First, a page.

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How do Algorithm Driven Platforms Impact Attention Span in Youth?

Feier Long

          Buzz—”, it sounds like a notification from your phone. Would you immediately go check what's going on? Interestingly, ever since that buzzing sound, your attention span has been compromised. With the proliferation of technology, accessing a high volume of information has become significantly easier. You could potentially grasp the fundamentals of Computer Science in a day with a few taps on your device.


          But, can you recall the last time you sat down in class without sneaking a peek at your phone, scrolling through social media, or engaging in a meaningful conversation with your peers? While this may not be physically noticeable, our neurons fire whenever new information is processed. Specifically, this can lead to biological changes in the structure of our brain, potentially fostering addictive behaviors. To contextualize, the popularity of online platforms like Instagram Reels, Youtube Shorts, and TikTok has surged significantly. They all seem to share one common feature – the recommendation of short videos using algorithms. So, what is the allure of these short videos? Why have all platforms suddenly adopted this approach? How do we, as humans, gradually become more addicted and captivated without even realizing it?           

          Let's examine the Instagram feed. With posts, there is a sense of 'gratification' or 'pleasure' associated with likes or positive comments. It's akin to doses of dopamine being injected into your brain every time you find something interesting. However, after a while, you might get bored due to repetitive or uninteresting posts and put your phone aside. Nonetheless, the constant release of dopamine mirrors the effects of drugs, diminishing your ability to focus as each 'dopamine hit' makes you increasingly impatient.            When you're bored, you may find yourself peeking at your phone, seeking another dopamine hit even in the absence of new notifications. Additionally, if you look at TikTok's recommendation algorithm, the content on the 'For You' page is practically endless. Their algorithms are specifically designed to tailor individual feeds based on the user's interactions with each scroll. So, what happens to the user? Much like the Instagram post, a new dopamine surge is triggered with each scroll. But what if the recommendations are customized to the user's interests? Users may find themselves scrolling incessantly, trapped on the platform for hours without even realizing it. Even when they come across an uninteresting feed, it's easy for users to move on to the next video, continually seeking that dopamine pulse.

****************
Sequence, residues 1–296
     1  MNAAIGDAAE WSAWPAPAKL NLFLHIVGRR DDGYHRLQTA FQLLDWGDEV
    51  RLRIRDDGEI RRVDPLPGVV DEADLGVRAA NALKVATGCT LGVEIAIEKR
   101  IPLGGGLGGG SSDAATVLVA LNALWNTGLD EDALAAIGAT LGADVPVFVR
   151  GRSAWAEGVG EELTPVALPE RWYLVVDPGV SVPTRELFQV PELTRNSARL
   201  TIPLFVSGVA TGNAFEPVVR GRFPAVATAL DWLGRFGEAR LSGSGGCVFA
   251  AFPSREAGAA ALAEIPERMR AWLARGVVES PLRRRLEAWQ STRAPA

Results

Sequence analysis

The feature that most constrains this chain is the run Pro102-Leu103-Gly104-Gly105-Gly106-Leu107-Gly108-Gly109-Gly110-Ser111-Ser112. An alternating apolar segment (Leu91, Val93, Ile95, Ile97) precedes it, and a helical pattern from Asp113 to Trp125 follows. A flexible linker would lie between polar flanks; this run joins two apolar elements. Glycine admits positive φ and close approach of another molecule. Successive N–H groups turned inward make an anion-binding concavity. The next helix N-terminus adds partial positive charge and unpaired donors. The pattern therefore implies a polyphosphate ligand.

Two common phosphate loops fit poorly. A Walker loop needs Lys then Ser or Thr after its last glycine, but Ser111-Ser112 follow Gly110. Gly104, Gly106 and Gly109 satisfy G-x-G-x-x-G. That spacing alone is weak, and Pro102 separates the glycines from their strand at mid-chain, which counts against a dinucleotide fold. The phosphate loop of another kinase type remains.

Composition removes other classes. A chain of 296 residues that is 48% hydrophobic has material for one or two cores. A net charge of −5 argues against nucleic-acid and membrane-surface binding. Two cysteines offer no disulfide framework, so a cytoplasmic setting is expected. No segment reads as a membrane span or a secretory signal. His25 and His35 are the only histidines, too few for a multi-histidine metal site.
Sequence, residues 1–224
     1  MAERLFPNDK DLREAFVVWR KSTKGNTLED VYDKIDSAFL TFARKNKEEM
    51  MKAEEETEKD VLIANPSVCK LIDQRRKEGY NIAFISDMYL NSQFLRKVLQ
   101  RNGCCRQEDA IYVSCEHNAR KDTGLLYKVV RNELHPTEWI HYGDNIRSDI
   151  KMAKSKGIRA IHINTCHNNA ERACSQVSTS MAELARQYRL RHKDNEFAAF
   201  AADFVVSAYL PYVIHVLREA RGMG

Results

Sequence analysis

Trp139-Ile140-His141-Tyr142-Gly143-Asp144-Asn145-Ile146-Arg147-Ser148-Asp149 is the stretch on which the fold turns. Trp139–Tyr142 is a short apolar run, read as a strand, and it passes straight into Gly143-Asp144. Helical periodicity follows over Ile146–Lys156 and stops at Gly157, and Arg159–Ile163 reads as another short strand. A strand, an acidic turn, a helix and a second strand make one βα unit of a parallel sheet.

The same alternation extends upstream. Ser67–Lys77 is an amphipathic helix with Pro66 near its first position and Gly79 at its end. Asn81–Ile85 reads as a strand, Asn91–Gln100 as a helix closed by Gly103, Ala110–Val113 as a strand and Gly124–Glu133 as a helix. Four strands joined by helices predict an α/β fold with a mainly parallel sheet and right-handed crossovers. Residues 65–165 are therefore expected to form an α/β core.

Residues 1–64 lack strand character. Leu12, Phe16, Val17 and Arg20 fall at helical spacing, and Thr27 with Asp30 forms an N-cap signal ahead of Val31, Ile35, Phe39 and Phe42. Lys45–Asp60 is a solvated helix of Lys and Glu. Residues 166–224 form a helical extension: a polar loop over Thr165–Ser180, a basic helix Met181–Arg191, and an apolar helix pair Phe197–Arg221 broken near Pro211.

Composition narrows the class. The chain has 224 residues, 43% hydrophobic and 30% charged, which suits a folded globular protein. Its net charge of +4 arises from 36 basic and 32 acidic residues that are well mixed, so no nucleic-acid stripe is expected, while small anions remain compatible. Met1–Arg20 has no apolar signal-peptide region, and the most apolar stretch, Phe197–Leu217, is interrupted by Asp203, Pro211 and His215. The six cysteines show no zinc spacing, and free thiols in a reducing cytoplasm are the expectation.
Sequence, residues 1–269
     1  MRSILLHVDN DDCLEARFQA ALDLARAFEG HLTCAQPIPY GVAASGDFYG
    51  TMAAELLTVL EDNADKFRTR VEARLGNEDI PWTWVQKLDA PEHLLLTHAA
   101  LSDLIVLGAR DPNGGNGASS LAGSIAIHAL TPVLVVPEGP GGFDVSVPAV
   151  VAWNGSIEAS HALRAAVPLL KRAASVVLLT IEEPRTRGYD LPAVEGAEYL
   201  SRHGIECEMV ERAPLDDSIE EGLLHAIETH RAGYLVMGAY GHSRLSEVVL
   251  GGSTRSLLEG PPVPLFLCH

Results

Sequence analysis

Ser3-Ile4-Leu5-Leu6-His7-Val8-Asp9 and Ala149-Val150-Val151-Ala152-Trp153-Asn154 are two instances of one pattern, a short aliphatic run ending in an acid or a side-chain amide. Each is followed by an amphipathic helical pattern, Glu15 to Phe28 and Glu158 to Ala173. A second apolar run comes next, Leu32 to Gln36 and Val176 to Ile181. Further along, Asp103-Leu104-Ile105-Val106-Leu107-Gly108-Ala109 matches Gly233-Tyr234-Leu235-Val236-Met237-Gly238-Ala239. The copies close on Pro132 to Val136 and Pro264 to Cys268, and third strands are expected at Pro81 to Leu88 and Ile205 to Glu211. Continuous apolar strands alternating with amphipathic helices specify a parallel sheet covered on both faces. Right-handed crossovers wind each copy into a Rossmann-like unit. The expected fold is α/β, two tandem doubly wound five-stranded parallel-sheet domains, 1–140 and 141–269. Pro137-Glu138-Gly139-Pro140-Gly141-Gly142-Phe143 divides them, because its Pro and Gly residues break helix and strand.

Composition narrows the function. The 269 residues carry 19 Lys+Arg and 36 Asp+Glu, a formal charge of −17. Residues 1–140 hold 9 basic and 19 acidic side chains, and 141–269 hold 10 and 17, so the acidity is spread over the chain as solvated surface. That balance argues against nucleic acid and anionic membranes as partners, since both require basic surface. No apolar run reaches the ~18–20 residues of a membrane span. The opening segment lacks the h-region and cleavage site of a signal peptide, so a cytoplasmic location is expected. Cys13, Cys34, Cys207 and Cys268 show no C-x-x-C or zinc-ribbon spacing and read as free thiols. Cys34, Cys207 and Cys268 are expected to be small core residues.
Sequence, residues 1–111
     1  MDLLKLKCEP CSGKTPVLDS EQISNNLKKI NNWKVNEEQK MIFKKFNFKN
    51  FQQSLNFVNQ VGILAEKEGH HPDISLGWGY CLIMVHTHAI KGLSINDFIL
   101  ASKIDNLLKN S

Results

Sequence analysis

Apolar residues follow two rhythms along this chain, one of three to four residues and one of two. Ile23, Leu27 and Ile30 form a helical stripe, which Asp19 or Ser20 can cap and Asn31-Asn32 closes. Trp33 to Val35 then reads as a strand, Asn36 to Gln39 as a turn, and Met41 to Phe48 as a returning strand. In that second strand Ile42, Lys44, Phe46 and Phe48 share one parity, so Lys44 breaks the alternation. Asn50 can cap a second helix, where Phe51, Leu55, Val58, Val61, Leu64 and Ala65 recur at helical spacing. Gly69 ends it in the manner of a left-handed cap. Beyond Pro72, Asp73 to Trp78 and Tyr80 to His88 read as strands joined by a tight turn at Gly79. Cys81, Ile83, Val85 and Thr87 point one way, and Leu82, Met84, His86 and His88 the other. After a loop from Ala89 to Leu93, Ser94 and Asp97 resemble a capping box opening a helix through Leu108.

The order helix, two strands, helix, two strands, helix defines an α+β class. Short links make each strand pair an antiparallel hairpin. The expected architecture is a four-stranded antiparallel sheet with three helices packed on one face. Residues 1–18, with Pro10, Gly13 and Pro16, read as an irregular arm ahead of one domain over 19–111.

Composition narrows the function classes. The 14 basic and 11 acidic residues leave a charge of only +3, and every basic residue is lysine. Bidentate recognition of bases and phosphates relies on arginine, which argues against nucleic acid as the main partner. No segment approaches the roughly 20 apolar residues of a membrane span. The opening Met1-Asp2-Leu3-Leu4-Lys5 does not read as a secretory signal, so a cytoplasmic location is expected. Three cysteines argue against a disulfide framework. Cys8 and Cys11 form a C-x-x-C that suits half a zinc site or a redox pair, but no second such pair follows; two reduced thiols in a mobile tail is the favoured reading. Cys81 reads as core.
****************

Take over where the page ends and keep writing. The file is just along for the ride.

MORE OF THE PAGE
Over time, our brains, continually operating in a state of multitasking, experience a diminished ability to focus and an overall reduced attention span. This habit spills over into our daily lives; during moments of boredom, the craving for instant dopamine stimulation prompts us to reach for our phones in search of the next hit of immediate gratification. This cycle perpetuates and can detrimentally impact an individual's well-being. This reality then poses a pressing question — to what extent should these platforms be held accountable for the declining concentration among younger users?

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